Every morning, Scott Kingery grabs a bat and goes to work with Phillies hitting coach Joe Dillon. But Dillon changed it up last Wednesday. Instead of their usual routine, he introduced swing drills to help shake Kingery from a slump that is suffocating his bid for the center-field job and perhaps endangering even his spot on the opening-day roster.
The next day, on the first pitch of his first at-bat — against New York Yankees ace Gerrit Cole, no less — Kingery drove a 96-mph fastball over the center fielder’s head for a double.
“I was like, ‘Oh, it’s that easy, huh?’” Kingery said the other day.
Kingery paused. He chuckled. If he has learned anything over the last three years, it’s that nothing in baseball is easy.
The double against Cole was Kingery’s last hit. Since then, he’s 0-for-12 with a sacrifice bunt, one walk, and five strikeouts, dropping his spring-training average to .111. In 30 plate appearances, he has struck out 12 times.
This isn’t what Phillies officials envisioned. They hoped that Kingery — or 2017 first-round pick Adam Haseley, or fleet-footed Roman Quinn, or even former All-Star Odúbel Herrera — would rise up and seize the job. But Haseley is out with a groin strain, and Quinn is still striking out too often. Herrera, 7-for-26 (.269) with three home runs and an .885 OPS, has impressed in spurts.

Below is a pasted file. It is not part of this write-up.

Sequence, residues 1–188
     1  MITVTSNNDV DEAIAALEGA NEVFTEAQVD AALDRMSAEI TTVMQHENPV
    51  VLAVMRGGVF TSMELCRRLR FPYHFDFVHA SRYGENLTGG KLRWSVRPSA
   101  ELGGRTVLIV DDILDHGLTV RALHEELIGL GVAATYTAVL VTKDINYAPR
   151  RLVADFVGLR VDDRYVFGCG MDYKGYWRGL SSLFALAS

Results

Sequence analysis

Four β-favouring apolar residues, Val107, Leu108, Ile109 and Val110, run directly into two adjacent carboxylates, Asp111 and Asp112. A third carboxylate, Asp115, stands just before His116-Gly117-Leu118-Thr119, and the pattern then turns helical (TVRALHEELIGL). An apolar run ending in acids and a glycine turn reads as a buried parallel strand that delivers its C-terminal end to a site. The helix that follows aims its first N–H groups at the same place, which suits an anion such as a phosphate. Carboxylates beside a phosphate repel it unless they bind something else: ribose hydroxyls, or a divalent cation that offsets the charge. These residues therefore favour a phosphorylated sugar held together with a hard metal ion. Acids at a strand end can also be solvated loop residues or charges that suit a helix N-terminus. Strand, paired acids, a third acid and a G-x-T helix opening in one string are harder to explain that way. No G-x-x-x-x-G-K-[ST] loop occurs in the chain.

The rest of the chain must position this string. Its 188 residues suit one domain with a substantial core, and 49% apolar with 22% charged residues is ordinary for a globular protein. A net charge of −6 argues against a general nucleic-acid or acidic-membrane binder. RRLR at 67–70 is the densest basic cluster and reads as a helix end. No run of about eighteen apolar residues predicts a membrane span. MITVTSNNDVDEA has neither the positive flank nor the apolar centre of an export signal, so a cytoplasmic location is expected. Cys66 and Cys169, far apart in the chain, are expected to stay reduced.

And Kingery? To hear him tell it, he’s merely trying to rediscover the hitter who won the Pac-12 batting title in college and hit .304 with 29 doubles, 26 homers, and an .889 OPS between double A and triple A in 2017.
“Back then it was just, play baseball. Get on the field and play,” said Kingery, who will turn 27 next month. “Some things can take you away from that. Sometimes it’s tough to get back to where you’re just out there playing baseball the way you know how to.”
It has been a while since Kingery could just play ball. He admits now to feeling pressure in 2018 to live up to signing a six-year, $24 million contract before his major-league debut and struggling with bouncing among five positions. He had a strong first half in 2019 but went into a tailspin after the All-Star break. Last year, he coped with aftereffects of COVID-19, which preceded back and shoulder issues that conspired to cost him the second-base job.
And somewhere in the middle it all, he lost track of the player he was supposed to be.
Drafted out of Arizona in the second round in 2015, Kingery came up as an athletic second baseman who hit line drives from gap to gap and made things happen with his speed. One National League scout who saw him in the minors recently recalled writing a report that compared him to Dustin Pedroia.
But Kingery underwent a transformation after reaching the majors. He bulked up, gaining weight and muscle perhaps at the expense of speed. He altered his mindset and swing mechanics to launch more balls in the air. He traces the roots of that change to the low minors, where he was told he hit too many ground balls. But his swing really lengthened out in the big leagues.